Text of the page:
Ever since Coca Cola set up shop in the Mehdigani area of Varanasi India, villages surrounding the plant have groundwater shortages. According to the India Resource Centre, levels have dropped six metres in in six years, creating the worst water conditions in the entire district of Varanasi. Over 5,000 villagers will take their grievances against Coca Cola to the streets on Monday Nov. 30, in a protest demanding that the plant be shut down.
Meanwhile, in Canada, Coca Cola plans to use the 2010 Olympics to brand itself as green by launching a new plant-based bottled at the mega sporting event to take place in Vancouver next February. The following letter was submitted to the Globe and Mail in response to an article about Coke’s plans, but never published:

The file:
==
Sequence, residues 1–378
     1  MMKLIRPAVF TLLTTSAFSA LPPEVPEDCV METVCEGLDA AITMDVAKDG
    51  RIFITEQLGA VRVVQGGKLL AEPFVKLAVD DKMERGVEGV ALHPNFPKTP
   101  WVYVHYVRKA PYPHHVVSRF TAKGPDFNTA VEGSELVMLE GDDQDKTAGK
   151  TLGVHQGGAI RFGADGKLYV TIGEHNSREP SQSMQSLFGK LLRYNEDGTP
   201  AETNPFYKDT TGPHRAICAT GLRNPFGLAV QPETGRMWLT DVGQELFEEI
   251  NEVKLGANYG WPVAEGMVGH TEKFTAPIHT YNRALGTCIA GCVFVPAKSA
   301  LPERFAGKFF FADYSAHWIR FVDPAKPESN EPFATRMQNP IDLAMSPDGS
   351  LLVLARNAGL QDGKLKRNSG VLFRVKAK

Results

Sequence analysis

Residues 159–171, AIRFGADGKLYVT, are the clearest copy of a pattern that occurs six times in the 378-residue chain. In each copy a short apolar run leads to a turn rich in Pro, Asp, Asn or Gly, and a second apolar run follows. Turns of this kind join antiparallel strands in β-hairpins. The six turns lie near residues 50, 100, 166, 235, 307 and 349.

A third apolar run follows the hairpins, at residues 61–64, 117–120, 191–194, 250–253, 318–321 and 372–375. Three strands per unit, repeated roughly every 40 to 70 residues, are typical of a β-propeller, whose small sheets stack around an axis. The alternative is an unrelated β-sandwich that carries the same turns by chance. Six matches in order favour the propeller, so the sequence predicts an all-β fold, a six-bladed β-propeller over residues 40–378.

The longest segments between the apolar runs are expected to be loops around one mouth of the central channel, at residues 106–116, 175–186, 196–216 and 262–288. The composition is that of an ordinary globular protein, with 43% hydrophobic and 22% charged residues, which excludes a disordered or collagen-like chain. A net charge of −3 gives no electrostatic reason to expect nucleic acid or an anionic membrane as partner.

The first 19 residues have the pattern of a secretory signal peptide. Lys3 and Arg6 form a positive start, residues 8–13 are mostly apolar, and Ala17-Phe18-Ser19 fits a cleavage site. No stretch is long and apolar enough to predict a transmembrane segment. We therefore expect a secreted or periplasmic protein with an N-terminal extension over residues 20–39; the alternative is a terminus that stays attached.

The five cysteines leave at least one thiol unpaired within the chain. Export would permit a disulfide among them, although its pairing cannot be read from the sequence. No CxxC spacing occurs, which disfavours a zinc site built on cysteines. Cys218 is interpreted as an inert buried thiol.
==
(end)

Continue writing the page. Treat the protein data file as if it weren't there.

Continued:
Coca Cola’s “plant bottle” is nothing more than an attempt to greenwash the corporation’s poor environmental record at the 2010 Olympics. The “plant bottles” are still primarily plastic requiring large amounts of water – the production of a one litre plastic bottle of water requires three to five litres of water- and fossil fuels to manufacture.More importantly, plant bottles will not erase Coca Cola’s record of environmental abuse. According to the Indian NGO India Resource Centre, there is a pattern of water shortages in Indian communities where there are Coca-Cola bottling plants. The organization has documented unprecedented declines in groundwater in the area Kara Dala after a Coca-Cola bottling plant began tapping into the aquifers. Groundwater levels dropped by a dramatic 19 feet over the course of a single year. Yet Coca-Cola draws water in this drought-prone region during the summer months when water shortages are most pronounced.Coca-Cola opera¬tions have also contributed to the contamination of drinking water sources around the world. In Paw Paw, Michigan, the beverage company sprayed waste water into the soil for 23 years. As a result, the groundwater in the area remains con¬taminated with heavy metals and carcinogenic chemicals including arsenic and lead.